The class of 1990 looked unlikely to outdo its forebears. Although inflation had subsided, it still hovered in a range of 3% to 4%, which was well above what the Great Depression's retirees had experienced. Nor did the benefits of higher stock market returns and/or lower volatility appear probable. Equities had already performed very well since 1940; asking more from them seemed unrealistic.
Such analysis was mostly correct. Although real equity returns did improve somewhat during the next 30 years, and stock and bond volatilities slightly decreased, such effects were modest. The extraordinary success enjoyed by 1990's retirees owed to a different reason: By the end of the period, inflation had virtually disappeared, which led bonds to post unprecedentedly high real returns.
The conditions that held from 1990 through 2019 may not have represented the best of all possible worlds for retirement investors, but they surely shared the same solar system. Stock returns remained healthy, both because the economic booms were long and the busts short, and because lower inflation made equities that much more attractive. Meanwhile, bonds also performed well. During those 30 years, the 50/50 portfolio returned almost 9% per year, while annual inflation averaged less than 2%. Talk about the Golden Years!
Given that almost all forecasts from 1990 overstated the problems facing that era's retirees, I hesitate to predict failure for the class of 2020. Almost certainly, today's newly minted retirees will not receive such high bond returns. (For that happy event to occur, fixed-income yields would need to rise substantially, even as inflation remained relatively calm.) But it's possible that equity returns could nudge even higher, with volatility receding even further.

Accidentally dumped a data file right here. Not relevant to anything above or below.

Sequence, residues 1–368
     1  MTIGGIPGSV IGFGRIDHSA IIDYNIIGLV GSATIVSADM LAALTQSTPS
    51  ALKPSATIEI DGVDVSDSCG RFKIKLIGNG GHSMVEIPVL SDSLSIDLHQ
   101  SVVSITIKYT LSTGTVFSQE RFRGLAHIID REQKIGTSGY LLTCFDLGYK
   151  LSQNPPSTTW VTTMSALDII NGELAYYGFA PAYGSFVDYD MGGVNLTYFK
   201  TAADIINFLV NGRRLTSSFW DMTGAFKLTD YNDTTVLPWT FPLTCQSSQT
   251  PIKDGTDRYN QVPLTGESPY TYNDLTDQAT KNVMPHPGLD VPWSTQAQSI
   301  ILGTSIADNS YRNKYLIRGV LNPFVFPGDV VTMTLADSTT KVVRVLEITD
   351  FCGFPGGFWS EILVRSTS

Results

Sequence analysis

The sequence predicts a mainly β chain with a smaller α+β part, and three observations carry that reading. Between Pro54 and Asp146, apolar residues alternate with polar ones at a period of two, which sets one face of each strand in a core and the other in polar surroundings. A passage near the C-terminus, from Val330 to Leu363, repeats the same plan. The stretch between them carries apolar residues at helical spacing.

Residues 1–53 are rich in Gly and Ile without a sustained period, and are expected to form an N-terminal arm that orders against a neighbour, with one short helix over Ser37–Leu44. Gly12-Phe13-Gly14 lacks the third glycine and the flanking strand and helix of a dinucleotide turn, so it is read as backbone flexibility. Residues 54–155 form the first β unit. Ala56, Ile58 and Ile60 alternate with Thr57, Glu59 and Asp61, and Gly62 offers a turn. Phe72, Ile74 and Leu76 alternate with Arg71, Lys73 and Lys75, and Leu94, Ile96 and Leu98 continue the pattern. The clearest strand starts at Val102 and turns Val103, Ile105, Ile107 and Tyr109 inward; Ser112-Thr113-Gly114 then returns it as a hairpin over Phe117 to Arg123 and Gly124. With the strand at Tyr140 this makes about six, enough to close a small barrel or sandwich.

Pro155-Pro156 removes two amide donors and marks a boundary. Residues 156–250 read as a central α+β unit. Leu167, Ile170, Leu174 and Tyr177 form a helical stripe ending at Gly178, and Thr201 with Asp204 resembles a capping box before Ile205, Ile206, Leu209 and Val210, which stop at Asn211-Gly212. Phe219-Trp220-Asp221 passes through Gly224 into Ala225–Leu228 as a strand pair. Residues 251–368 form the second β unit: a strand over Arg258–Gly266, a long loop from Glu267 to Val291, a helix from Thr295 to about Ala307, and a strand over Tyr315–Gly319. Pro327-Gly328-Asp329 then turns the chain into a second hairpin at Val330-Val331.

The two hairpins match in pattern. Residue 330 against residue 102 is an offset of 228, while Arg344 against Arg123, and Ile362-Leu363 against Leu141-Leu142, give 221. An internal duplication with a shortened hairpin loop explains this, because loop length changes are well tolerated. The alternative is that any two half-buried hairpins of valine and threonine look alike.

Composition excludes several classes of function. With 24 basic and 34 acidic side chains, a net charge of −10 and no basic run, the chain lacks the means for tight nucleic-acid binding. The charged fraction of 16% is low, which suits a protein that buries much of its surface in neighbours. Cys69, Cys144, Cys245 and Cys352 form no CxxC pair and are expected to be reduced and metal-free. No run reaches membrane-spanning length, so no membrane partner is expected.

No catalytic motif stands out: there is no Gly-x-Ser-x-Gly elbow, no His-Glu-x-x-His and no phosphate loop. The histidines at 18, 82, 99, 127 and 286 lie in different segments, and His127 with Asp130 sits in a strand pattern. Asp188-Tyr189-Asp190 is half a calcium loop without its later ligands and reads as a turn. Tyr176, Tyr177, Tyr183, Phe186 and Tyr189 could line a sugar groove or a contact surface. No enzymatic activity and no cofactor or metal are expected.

That, however, is not the way to bet. The investment markets have twice been generous to incoming retirees, first by sharply reducing stock market volatility, and then by fattening the returns of their fixed-income holdings. The third time is unlikely to be a charm.
John Rekenthaler (firstname.lastname@example.org) has been researching the fund industry since 1988. He is now a columnist for Morningstar.com and a member of Morningstar's investment research department. John is quick to point out that while Morningstar typically agrees with the views of the Rekenthaler Report, his views are his own.
Transparency is how we protect the integrity of our work and keep empowering investors to achieve their goals and dreams. And we have unwavering standards for how we keep that integrity intact, from our research and data to our policies on content and your personal data.
We’d like to share more about how we work and what drives our day-to-day business.
We sell different types of products and services to both investment professionals and individual investors. These products and services are usually sold through license agreements or subscriptions. Our investment management business generates asset-based fees, which are calculated as a percentage of assets under management. We also sell both admissions and sponsorship packages for our investment conferences and advertising on our websites and newsletters.
How we use your information depends on the product and service that you use and your relationship with us. We may use it to:
To learn more about how we handle and protect your data, visit our privacy center.
Maintaining independence and editorial freedom is essential to our mission of empowering investor success. We provide a platform for our authors to report on investments fairly, accurately, and from the investor’s point of view. We also respect individual opinions––they represent the unvarnished thinking of our people and exacting analysis of our research processes. Our authors can publish views that we may or may not agree with, but they show their work, distinguish facts from opinions, and make sure their analysis is clear and in no way misleading or deceptive.
To further protect the integrity of our editorial content, we keep a strict separation between our sales teams and authors to remove any pressure or influence on our analyses and research.
Read our editorial policy to learn more about our process.